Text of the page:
As the great circus of the November 2016 elections is already beginning in the USA, it’s worth recalling that, in fact, the electoral campaigns and the struggle for power they are part of are more or less continuous in this country. Thus, all the decisions of the government should aim to modify policy according to the preferences of the majority of citizens who, in principle, should be able to exercise their democratic power through their representatives.
Is the U.S. really a democracy? In a recent column, I highlighted the concerning phenomenon of the increasing influence of a handful of billionaires on the financing of electoral campaigns. Presumably this control renders dependent politicians more affluent and more sensitive to their preferences, but in a democratic society, ordinary citizens should still have a big say, given their numbers. Does this happen in practice?
Is the Hypothesis of Democracy Still Going Strong?
In response to this question, political scientists Martin Gilens and Benjamin Page developed an ingenious approach. Over a period between 1981 and 2002, they identified 1,779 policy proposals with available data on public preferences. Of this number, less than a third have actually resulted in changes to existing policies, which is not surprising, considering the American political system was conceived as an obstacle course that is difficult to get through.
The question that arises is: When policies are modified, are these changes consistent with the public interest as expressed in polls? The initial response to this question is encouraging: There is a positive correlation (r=0.64 to be precise) between public preference as a whole and policy changes. Even better, they find that the correlation with the alignment of interest groups is not as good (r=0.59). Bravo! The system is working!
That’s not all, however. The authors show that the correlation between the preference of what they call the “economic elite” (the upper income bracket in the sample of identified polls) and the orientation of policy changes is much higher (r=0.81). Where the problem lies, however, is that when you consider these three factors at the same time, the impact of the average citizen’s preferences disappears completely.
In other words, leaders usually move in favor of the preferences of ordinary citizens, but only if these preferences agree with those of the elite or of interest groups. When there is conflict, the preferences of the economic elite and/or those of interest groups almost always prevail.
In sum, these results indicate that the U.S. resembles an oligarchy or a plutocracy more than a democracy in the classic sense of the word. Ordinary citizens carry little weight.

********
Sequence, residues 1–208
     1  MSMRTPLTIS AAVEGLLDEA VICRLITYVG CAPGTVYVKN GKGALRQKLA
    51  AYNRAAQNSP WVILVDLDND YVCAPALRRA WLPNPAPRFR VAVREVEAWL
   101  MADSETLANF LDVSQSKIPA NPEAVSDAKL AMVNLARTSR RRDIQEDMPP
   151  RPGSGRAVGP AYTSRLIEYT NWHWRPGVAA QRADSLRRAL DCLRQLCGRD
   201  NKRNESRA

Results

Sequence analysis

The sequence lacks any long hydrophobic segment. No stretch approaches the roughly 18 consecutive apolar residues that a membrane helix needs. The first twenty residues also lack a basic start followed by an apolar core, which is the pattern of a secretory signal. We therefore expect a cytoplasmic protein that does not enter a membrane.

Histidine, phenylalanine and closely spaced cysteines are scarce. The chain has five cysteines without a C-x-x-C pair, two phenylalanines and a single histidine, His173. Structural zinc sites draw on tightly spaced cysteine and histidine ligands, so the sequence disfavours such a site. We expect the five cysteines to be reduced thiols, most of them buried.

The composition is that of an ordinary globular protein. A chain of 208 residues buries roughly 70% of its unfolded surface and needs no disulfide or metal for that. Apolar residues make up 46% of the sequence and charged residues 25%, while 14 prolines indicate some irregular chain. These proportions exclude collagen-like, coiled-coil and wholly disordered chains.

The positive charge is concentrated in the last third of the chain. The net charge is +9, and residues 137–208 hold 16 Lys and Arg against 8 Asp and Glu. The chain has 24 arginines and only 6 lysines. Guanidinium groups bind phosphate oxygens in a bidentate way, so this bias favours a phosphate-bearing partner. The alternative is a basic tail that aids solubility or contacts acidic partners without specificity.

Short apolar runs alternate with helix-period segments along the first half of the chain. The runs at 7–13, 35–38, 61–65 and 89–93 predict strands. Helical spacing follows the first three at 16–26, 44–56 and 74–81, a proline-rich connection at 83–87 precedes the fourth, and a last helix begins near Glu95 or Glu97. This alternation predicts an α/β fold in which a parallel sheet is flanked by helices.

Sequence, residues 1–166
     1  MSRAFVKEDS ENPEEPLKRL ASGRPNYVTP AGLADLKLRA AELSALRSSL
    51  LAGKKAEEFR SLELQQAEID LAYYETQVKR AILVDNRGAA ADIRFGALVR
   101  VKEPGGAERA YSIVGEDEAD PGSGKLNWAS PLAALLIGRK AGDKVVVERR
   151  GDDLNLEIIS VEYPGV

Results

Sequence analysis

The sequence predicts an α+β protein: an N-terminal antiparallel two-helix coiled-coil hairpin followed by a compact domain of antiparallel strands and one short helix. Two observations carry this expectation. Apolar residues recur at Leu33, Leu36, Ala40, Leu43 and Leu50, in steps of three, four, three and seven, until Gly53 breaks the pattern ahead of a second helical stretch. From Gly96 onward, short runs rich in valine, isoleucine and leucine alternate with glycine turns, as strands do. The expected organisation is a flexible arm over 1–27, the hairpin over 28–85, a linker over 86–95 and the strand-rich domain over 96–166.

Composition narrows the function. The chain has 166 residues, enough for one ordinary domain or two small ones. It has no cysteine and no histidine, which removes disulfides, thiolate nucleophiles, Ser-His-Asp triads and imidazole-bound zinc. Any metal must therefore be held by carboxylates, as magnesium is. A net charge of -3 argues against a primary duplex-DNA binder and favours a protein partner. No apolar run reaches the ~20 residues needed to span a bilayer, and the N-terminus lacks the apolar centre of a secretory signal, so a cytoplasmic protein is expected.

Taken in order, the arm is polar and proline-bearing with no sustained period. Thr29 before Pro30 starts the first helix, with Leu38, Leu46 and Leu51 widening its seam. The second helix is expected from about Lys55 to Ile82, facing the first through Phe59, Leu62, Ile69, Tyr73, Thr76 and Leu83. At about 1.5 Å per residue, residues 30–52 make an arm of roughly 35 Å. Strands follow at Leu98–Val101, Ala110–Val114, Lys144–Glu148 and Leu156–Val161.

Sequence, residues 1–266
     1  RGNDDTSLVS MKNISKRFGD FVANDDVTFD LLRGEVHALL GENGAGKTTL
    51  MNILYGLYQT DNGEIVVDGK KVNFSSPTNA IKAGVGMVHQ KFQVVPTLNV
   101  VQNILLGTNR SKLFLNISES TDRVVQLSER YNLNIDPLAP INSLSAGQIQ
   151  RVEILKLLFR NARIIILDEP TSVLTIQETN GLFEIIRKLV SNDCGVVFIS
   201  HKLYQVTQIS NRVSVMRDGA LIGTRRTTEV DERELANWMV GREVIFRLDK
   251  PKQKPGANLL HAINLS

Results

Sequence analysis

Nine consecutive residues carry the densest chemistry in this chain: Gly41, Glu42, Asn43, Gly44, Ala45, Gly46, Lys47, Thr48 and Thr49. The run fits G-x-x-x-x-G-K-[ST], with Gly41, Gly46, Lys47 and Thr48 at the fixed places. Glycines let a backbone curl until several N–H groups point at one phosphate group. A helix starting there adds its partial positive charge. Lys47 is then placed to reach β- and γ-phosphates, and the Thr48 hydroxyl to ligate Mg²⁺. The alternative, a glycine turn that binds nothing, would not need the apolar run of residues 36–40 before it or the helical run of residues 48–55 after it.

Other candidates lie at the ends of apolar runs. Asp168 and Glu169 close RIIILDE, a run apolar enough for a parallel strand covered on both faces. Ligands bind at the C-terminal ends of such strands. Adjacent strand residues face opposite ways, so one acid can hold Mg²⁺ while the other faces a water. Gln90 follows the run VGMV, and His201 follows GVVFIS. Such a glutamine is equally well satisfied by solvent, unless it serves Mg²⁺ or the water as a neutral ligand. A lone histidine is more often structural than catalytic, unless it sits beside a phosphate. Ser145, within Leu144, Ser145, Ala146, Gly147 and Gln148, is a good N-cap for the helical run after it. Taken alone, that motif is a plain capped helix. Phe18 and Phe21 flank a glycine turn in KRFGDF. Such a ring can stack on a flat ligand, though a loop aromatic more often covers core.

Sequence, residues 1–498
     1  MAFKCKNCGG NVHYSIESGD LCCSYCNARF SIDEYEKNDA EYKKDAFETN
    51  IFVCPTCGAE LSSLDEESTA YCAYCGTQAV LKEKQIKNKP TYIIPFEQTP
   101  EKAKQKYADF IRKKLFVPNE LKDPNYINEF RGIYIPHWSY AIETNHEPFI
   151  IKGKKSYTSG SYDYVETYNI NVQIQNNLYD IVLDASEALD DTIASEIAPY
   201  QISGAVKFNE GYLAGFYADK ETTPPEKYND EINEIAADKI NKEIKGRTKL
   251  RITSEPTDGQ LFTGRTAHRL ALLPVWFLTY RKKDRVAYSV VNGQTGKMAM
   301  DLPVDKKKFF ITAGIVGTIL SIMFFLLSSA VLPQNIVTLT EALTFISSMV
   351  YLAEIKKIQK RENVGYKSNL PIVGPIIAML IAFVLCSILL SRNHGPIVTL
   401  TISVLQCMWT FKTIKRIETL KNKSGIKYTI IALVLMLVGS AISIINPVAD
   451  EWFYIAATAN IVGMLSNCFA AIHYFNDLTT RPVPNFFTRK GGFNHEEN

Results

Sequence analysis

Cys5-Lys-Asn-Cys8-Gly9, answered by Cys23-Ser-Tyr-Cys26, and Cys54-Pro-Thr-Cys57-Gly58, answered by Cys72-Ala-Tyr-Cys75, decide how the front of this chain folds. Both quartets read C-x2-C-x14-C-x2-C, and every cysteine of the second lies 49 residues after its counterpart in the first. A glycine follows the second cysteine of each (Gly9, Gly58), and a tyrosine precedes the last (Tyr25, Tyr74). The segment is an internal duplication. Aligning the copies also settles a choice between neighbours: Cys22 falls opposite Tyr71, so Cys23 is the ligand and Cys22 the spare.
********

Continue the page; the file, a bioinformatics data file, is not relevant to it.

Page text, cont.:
The Challenge of Economic Inequality
You could see a convincing example of this kind of dynamic following the 2012 election, when Barack Obama promised to give a little boost to the middle class by increasing the marginal tax rate on incomes above $250,000. This proposal was supported by a strong majority of the public but was demolished by Congress. The same thing has happened with the multiple unsuccessful attempts to raise the minimum wage in recent years.
That is why the growing inequality of recent decades (because, with all due respect to right-wing political scientists and certain optimists, economic inequality in the U.S. is indeed on the rise) represents a real challenge for American democracy. Meanwhile, access to the restricted circles of decision-making is increasingly reserved for the elite, whose preferences and interests don’t always agree with those of the citizenry. And even if we aren’t at the same point as our neighbors, it is wrong to think that Canadians and the Quebecois are safe from this type of problem.
The publication of Gilens and Page’s results has created quite a stir in American media this past year, which was absorbed in debates about the problem of economic inequality and the concentration of economic and political power in the hands of the infamous “1 percent.” The two authors were notably invited to discuss the implications of their report on American democracy on the popular Daily Show, hosted by Jon Stewart. Benjamin Page will be at CÉRIUM* at the Université de Montréal this Friday for a public conference.
*Translator’s note: The Centre d’études et de recherches internationales de l’Université de Montréal, also known as CÉRIUM, is a center for research in international relations that is affiliated with the Université de Montréal.